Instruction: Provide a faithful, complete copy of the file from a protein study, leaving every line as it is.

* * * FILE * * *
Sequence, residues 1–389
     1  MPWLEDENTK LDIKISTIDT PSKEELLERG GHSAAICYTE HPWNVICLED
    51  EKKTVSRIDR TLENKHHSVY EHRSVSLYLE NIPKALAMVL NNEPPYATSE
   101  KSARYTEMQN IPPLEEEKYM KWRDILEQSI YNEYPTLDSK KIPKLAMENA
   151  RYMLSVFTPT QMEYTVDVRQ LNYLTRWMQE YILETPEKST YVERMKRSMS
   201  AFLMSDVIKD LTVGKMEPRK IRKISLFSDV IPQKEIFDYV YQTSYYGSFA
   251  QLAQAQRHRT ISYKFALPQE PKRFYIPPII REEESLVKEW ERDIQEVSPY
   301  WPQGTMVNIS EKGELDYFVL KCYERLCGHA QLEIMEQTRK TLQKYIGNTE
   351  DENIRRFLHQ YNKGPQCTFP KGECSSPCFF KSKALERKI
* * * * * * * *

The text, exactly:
Sequence, residues 1–389
     1  MPWLEDENTK LDIKISTIDT PSKEELLERG GHSAAICYTE HPWNVICLED
    51  EKKTVSRIDR TLENKHHSVY EHRSVSLYLE NIPKALAMVL NNEPPYATSE
   101  KSARYTEMQN IPPLEEEKYM KWRDILEQSI YNEYPTLDSK KIPKLAMENA
   151  RYMLSVFTPT QMEYTVDVRQ LNYLTRWMQE YILETPEKST YVERMKRSMS
   201  AFLMSDVIKD LTVGKMEPRK IRKISLFSDV IPQKEIFDYV YQTSYYGSFA
   251  QLAQAQRHRT ISYKFALPQE PKRFYIPPII REEESLVKEW ERDIQEVSPY
   301  WPQGTMVNIS EKGELDYFVL KCYERLCGHA QLEIMEQTRK TLQKYIGNTE
   351  DENIRRFLHQ YNKGPQCTFP KGECSSPCFF KSKALERKI